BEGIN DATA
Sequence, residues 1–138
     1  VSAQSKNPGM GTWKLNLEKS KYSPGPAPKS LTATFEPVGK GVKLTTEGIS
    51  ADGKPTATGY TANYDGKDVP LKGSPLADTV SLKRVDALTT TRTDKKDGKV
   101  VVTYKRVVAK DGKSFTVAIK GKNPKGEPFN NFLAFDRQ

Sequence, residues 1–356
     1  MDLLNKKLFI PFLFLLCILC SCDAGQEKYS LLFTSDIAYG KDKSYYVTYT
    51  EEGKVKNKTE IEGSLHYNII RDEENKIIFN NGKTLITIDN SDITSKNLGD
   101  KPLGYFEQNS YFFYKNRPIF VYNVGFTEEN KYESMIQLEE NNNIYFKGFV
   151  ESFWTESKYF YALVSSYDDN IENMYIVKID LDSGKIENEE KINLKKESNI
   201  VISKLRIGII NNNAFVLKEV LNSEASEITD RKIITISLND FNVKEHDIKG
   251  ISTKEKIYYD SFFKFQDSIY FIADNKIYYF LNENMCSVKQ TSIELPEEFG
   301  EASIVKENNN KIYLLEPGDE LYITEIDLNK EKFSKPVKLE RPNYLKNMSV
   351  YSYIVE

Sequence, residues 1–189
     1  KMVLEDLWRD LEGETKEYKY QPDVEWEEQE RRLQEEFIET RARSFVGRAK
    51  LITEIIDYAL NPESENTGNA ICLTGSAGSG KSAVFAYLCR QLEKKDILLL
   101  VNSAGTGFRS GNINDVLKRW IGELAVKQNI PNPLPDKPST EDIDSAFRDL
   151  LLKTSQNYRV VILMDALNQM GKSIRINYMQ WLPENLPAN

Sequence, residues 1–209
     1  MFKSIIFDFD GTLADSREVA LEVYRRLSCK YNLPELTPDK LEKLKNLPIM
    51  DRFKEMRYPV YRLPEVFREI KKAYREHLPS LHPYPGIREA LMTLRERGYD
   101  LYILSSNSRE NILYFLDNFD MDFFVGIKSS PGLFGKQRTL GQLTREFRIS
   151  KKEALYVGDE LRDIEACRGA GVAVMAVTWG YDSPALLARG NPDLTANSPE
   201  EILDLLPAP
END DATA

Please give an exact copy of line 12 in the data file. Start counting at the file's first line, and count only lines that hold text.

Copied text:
   301  EASIVKENNN KIYLLEPGDE LYITEIDLNK EKFSKPVKLE RPNYLKNMSV